Snowfall never knew of her destiny. She never once thought, on her first cold, freezing nights in the snow-blown Lost Land, that she could rise up to become more of a hero than any other dragon in the chronicles of time. She wasn’t your usual hero. She wasn’t a great, sword-wielding warrior or the chief of a mighty army, nor was she the reckless challenger who dove into boiling waters in order to save another. No, she wasn’t any of that. What she did happen to be was a tiny, mewling, baby Reshiram in the frozen Northlands of the Pokémon world. But the one thing that set her apart from all other Pokémon, even those of her own species, was that she was, in fact, blind.
The dragons that ruled over the Land were of four kinds. There were the kind-hearted Lucario of the kingdom Fiedi, the strong-willed Haxorus of kingdom Auroriis, the valiant Zekrom of kingdom Bellator, and the noble Reshiram of kingdom Reckshire. Both of these last two were the actual descendants of the original Warriors of Light and Dark. Zekromi dragons strived for strength, while Reshiramic dragons did so for purity. And so our story begins, with one dreadful, yet fate-fulfilling day that took place in times long ago.
It was several days after Snowfall opened her eyes. Her father laughed in a low rumble as she tried her hardest to escape her mother’s licking tongue. The blue-eyed Reshiram broke out and ran around the sheltering cave twice, flapping her useless wings. Snowfall’s parents both winced as she ran snout-first into a stalagmite. That was how they first found out she was blind.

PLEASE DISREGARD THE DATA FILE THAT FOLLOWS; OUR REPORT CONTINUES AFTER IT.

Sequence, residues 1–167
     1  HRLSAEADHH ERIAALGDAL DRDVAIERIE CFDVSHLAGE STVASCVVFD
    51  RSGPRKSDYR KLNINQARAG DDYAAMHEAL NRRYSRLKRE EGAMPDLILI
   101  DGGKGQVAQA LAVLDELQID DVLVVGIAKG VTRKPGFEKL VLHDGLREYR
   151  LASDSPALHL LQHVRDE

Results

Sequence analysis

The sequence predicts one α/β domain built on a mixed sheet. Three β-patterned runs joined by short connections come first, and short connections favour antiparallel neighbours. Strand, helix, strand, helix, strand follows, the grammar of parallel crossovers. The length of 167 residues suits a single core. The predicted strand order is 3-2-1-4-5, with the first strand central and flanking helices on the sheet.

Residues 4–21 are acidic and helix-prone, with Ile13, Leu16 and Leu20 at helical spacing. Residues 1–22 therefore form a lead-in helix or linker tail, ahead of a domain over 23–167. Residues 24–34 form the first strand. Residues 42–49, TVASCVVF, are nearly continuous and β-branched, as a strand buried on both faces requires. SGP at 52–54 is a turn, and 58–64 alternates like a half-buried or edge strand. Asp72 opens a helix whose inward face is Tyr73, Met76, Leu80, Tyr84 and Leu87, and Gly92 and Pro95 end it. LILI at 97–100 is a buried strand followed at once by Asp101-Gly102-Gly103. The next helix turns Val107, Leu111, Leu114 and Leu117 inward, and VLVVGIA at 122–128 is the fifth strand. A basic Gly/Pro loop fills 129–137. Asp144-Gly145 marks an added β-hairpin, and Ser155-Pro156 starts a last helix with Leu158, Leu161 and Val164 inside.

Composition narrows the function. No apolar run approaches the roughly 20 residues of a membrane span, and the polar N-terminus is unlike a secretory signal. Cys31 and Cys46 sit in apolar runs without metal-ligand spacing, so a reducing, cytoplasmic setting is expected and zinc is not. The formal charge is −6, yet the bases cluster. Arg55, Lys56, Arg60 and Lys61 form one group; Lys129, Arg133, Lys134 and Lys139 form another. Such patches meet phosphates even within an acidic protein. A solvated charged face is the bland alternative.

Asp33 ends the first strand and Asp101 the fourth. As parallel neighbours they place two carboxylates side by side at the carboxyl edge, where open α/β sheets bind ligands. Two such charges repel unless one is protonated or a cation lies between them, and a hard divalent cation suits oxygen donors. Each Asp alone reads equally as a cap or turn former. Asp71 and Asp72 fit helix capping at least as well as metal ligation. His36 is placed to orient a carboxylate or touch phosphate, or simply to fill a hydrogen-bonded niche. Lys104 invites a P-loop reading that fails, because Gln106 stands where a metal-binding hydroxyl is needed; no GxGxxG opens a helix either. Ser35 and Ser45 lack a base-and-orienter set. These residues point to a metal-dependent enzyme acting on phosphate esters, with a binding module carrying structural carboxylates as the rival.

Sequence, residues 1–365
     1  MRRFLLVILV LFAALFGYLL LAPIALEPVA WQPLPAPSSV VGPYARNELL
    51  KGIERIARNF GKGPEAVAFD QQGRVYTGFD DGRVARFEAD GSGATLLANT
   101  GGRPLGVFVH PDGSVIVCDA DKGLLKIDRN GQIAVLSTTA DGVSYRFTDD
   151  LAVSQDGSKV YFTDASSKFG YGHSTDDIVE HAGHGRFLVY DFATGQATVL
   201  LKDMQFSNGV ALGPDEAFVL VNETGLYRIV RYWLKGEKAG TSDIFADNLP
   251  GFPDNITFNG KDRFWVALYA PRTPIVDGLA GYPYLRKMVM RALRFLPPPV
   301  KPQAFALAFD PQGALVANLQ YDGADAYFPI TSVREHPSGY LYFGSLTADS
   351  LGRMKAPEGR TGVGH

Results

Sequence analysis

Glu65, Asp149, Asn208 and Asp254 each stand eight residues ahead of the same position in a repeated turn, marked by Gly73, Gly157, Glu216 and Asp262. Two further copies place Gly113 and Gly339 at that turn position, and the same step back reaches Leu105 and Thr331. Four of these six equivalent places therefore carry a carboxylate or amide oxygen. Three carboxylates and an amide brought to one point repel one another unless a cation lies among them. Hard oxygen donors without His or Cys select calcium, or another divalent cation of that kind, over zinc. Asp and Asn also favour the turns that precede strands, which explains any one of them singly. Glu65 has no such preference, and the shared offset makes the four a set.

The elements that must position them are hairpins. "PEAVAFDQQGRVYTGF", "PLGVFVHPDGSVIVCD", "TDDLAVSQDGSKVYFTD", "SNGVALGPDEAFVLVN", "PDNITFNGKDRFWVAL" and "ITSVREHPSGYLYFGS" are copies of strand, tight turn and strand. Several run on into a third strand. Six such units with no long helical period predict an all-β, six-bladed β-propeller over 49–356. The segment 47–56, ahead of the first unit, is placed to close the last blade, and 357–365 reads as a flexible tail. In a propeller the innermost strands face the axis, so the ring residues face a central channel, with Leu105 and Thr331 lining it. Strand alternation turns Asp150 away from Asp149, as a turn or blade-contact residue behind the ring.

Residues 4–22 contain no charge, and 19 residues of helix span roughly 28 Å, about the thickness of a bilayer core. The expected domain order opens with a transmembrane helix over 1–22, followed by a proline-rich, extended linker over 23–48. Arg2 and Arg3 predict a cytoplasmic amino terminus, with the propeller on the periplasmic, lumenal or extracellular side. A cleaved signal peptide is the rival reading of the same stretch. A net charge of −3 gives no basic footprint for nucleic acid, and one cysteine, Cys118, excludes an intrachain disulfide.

Like I said before, Reshiram strive for purity. So, after much deliberation between the two elders, you can guess where Snowfall went. That’s right, out in the snow.
Snowfall was confused, cold, tired, and hungry. Her white wings were folded closely at her sides, her downy feather-fur not providing any of the much-needed protection from winter’s cruelty. She kept calling out the names of her parents in crude PokeSpeak. The cold winds hammered at the little dragon’s body, and her world black and dark as always.
Finally Snowfall collapsed in exhaustion. The fire organ that burned inside of her was melting the snow with her high body temperature, something which all Fire-types possessed. She lied in the shallow ditch, her mind swirling to comprehend the situation. One minute she had been in the dark, happy and well, and now she was in the dark, scared and cold.
As she sighed a painful, frozen breath, a sound came from behind her. Lifting her head slightly, she tried to locate the noise.
It was... Music. No, not music. It sounded like ringing bells and paws crunching softly at the snow with each step. A somehow-familiar scent came to her fluffy muzzle. It tasted like Spirits and a place beyond seeing. Snowfall cocked her small head, searching for the source.
Slowly, a beautiful, silver Deerling stepped up to the Reshiram. The little Pokémon was emanating a brilliant, pure Aura that gleamed off its coat, untouched by the cold winter winds.
Snowfall was swiping blindly at the air, trying to touch the source of the gentle noise. The Deerling took a step forward, letting the little dragon rest a clawed wing on its head. Snowfall shuddered as a strange warming sensation spread from her wingtips through her body. She was sure that she would always remember that feeling.
Backing away, the Messenger left Snowfall’s paw resting on midair. The tiny Reshiram tried to stand, but stumbled and fell. The sound began to fade as the Deerling walked away.
Wait.... Snowfall thought. Using her wingtips to steady herself, she stood and walked after the sound of the bells with frozen footpaws.